DAY is open to all Yale staff, faculty, and postdocs, with or without a disability, representing a diverse range of departments and interests within the Yale Community.

For more information about DAY visit their website, or email them at; they can also be reached by phone at 203-432-9667. Or like them on their Facebook page to read about upcoming events.

UX Roadtrip to Harvard’s User Research Lab

Harvard User Research Lab at the Lamont Library

In June, staff from LIT and ITS, traveled to Harvard’s Lamont Library to visit Harvard’s User Research Lab. Jenn Nolte, Emerging Digital Services Librarian, and Taber Lightfoot,  Manager of  ITS User Experience and Digital Strategy, and  Sylvia Perez, UX Researcher also at ITS User Experience and Digital Strategy, made the trip together to Cambridge. They met with Amy Deschenes, the Senior UX Consultant for Harvard Library. Amy was integral in establishing the User Research Lab at Harvard.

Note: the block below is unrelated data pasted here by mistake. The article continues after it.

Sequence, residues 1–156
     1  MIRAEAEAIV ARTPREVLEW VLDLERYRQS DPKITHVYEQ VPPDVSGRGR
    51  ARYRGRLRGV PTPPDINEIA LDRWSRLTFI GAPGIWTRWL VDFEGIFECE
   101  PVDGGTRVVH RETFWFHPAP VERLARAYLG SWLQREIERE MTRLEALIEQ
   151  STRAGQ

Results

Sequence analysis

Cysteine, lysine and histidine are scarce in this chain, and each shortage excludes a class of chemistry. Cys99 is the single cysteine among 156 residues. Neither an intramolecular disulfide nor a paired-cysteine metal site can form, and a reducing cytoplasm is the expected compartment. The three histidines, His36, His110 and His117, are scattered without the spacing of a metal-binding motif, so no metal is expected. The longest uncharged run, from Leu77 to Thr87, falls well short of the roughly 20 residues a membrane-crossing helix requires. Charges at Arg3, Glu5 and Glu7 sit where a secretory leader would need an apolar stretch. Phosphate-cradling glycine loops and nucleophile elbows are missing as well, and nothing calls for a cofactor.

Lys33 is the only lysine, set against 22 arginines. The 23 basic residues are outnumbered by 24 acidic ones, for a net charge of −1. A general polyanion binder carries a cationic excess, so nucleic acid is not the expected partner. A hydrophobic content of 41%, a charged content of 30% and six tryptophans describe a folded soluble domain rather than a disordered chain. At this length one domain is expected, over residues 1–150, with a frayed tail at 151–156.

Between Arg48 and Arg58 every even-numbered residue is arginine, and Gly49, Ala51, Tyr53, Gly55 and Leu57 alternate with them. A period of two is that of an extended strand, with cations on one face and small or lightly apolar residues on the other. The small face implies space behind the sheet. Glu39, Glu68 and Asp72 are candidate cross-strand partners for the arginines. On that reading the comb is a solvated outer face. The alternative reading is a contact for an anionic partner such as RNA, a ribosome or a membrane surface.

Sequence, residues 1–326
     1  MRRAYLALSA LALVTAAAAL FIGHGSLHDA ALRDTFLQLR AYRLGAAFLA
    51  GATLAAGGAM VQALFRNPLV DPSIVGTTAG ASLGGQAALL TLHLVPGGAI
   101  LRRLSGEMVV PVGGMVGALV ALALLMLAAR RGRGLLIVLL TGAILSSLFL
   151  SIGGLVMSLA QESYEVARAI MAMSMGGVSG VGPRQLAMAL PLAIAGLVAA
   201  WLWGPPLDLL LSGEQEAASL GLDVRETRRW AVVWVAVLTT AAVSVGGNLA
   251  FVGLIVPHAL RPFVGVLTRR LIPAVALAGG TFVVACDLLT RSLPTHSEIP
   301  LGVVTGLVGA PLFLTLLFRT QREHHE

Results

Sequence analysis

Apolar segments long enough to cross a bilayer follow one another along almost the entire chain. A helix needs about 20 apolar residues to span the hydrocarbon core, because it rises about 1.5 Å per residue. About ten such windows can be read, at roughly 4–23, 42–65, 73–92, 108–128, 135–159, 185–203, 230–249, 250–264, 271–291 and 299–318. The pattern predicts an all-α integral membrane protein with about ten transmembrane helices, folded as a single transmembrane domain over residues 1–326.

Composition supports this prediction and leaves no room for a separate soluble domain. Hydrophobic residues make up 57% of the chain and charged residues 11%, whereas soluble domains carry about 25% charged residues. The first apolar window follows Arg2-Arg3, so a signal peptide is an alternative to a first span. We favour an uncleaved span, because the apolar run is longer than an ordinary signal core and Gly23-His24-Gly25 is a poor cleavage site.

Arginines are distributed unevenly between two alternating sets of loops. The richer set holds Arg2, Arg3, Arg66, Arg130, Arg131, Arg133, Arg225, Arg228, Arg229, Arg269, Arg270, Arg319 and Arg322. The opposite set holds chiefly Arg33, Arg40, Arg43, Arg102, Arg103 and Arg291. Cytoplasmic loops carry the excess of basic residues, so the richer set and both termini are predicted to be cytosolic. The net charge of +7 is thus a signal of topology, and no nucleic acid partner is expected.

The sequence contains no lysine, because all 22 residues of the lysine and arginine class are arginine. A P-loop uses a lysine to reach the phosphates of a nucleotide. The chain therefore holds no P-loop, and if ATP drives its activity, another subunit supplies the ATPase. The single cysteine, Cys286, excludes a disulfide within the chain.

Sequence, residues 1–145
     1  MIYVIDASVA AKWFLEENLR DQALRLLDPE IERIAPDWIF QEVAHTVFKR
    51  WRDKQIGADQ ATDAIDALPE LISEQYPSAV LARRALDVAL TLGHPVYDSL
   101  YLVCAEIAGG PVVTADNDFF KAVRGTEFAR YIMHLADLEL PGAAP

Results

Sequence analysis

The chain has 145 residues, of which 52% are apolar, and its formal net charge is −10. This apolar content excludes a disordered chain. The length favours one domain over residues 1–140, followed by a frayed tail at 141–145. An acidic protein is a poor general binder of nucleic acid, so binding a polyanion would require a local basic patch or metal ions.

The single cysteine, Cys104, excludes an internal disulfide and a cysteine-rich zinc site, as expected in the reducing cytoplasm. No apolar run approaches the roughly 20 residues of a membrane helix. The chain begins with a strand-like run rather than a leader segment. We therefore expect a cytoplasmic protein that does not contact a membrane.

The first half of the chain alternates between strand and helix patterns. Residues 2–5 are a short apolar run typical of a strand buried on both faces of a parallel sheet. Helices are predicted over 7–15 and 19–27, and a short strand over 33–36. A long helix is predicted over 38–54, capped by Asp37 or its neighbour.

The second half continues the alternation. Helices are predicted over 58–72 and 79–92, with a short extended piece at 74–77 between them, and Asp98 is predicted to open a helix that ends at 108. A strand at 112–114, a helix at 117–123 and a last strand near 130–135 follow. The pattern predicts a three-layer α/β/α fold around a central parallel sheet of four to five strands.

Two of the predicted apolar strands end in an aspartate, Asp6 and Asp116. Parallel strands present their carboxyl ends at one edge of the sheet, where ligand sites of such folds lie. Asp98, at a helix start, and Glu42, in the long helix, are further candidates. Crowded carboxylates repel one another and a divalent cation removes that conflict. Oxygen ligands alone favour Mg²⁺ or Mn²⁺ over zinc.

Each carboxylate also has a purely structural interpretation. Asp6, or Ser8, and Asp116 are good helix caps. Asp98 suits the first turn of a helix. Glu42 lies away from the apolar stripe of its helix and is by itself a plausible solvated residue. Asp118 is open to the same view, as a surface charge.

The purpose of Yale’s UX tour was to visit a dedicated User Research Lab embedded inside a library. The Harvard Lab provides a space for usability testing, interviews, and focus groups. The Lab is divided into three rooms: one room with cubicles for individual participant studies; a conference room for focus groups; and a testing room with dedicated workstations for eye tracking, accessibility training, and moderated usability tests.

Harvard’s User Research Lab annual workload is two large UX  projects, while running three-to-four smaller projects concurrently. IT Staff and  Library Staff on campus are serviced by the Lab. Their Usability testing pool is pulled from student workers. The trip was very informative and instructive on how other university library’s embed user research labs.

Digital Humanities Summer Institute 2016 at the University of Victoria